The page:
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Free breathing 1H MRI of the human lung with an improved radial turbo spin-echo

  • Michael Völker
  • Philipp Ehses
  • Stefan Weick
  • Felix Arno Breuer
  • Martin Blaimer
  • Christian Hintze
  • Jürgen Biederer
  • Peter Michael Jakob
Research Article

Abstract

Objective

To optimize a radial turbo spin-echo sequence for motion-robust morphological lung magnetic resonance imaging (MRI) in free respiration.

Materials and methods

A versatile multi-shot radial turbo spin-echo (rTSE) sequence is presented, using a modified golden ratio-based reordering designed to prevent coherent streaking due to data inconsistencies from physiological motion and the decaying signal. The point spread function for a moving object was simulated using a model for joint respiratory and cardiac motion with a concomitant T2 signal decay and with rTSE acquisition using four different reordering techniques. The reordering strategies were compared in vivo using healthy volunteers and the sequence was tested for feasibility in two patients with lung cancer and pneumonia.

Results

Simulations and in vivo measurements showed very weak artifacts, aside from motion blur, using the proposed reordering. Due to the opportunity for longer scan times in free respiration, a high signal-to-noise ratio (SNR) was achieved, facilitating identification of the disease as compared to standard half-Fourier-acquisition single-shot turbo spin-echo (HASTE) scans. Additionally, post-processing allowed modifying the T2 contrast retrospectively, further improving the diagnostic fidelity.

Conclusion

The proposed radial TSE sequence allowed for high-resolution imaging with limited obscuring artifacts. The radial k-space traversal allowed for versatile post-processing that may help to improve the diagnosis of subtle diseases.

Keywords

Lung Magnetic resonance imaging Radial sampling Turbo spin-echo 

Notes

Acknowledgments

The authors wish to acknowledge funding from the German Research Foundation (DFG), Grant numbers DFG JA 827/8-1 and DFG JA 827/8-2.

Conflict of interest

The authors declare that they have no conflict of interest.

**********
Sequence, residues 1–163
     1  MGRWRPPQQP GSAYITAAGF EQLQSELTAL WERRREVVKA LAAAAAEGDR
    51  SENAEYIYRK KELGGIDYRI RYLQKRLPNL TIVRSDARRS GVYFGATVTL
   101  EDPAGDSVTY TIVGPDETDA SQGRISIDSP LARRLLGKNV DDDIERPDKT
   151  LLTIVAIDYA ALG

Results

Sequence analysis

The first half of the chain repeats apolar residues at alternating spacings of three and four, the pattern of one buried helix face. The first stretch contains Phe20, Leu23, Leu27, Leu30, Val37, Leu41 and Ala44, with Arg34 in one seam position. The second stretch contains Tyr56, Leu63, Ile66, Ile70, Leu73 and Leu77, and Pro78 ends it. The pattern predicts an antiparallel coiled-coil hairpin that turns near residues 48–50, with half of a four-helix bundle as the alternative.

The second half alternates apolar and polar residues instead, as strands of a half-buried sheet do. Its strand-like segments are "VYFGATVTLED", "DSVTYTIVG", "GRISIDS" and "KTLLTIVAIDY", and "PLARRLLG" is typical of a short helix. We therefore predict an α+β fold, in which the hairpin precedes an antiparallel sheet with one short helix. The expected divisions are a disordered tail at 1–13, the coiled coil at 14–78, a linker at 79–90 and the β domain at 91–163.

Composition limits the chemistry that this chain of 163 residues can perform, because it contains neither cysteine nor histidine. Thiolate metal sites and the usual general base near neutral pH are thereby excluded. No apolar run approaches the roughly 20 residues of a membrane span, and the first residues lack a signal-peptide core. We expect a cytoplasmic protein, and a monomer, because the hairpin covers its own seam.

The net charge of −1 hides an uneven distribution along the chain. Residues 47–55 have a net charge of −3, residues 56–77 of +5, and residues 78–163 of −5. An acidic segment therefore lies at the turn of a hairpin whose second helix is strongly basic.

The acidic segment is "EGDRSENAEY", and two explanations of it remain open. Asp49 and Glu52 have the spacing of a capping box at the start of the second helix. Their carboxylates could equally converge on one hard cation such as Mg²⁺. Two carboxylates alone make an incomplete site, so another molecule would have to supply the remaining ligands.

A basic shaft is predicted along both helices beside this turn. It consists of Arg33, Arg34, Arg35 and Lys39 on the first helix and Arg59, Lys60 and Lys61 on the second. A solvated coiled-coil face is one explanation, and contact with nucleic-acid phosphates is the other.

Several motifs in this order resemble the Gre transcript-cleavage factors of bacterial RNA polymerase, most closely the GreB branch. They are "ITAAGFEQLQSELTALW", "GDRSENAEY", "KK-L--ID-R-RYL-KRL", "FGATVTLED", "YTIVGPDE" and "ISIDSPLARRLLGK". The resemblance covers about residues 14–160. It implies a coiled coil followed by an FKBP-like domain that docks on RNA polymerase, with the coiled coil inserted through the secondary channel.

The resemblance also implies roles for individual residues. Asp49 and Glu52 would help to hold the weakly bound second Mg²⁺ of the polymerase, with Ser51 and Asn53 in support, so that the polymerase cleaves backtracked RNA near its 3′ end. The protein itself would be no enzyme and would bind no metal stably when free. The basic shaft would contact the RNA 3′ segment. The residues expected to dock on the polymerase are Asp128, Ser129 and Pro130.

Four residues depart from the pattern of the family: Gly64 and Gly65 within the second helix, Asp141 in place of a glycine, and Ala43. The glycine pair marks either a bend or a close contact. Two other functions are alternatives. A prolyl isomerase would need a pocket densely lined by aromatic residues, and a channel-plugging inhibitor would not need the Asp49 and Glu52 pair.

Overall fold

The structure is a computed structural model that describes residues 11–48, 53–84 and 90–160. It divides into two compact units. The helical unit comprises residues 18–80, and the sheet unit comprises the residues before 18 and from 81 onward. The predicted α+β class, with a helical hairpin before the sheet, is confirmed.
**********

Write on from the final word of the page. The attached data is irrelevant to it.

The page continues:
Ethical standard

All human studies were approved by the ethics committee at the medical facility of Heidelberg University and written informed consent was obtained from all subjects. All studies have, therefore, been performed in accordance with the ethical standards laid down in the 1964 Declaration of Helsinki and amendments.

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Copyright information

© ESMRMB 2014

Authors and Affiliations

  • Michael Völker
    • 1
  • Philipp Ehses
    • 2
  • Stefan Weick
    • 3
    • 4
  • Felix Arno Breuer
    • 1
  • Martin Blaimer
    • 1
  • Christian Hintze
    • 5
    • 7
  • Jürgen Biederer
    • 5
    • 6
    • 7
    • 8
  • Peter Michael Jakob
    • 1
    • 3
  1. 1.Research Center for Magnetic Resonance BavariaWürzburgGermany
  2. 2.Max-Planck-Institute for Biological CyberneticsUniversity of TübingenTübingenGermany
  3. 3.Department of Experimental Physics 5University of WürzburgWürzburgGermany
  4. 4.Department of Radiation OncologyUniversitätsklinikum WürzburgWürzburgGermany
  5. 5.German Cancer Research CenterHeidelbergGermany
  6. 6.Radiologie Darmstadt, Kreisklinik Gross GerauGross GerauGermany
  7. 7.Department of Diagnostic and Interventional RadiologyUniversitätsklinikum HeidelbergHeidelbergGermany
  8. 8.Translational Lung Research Center (TLRC), Member of the German Center for Lung Research (DZL)HeidelbergGermany

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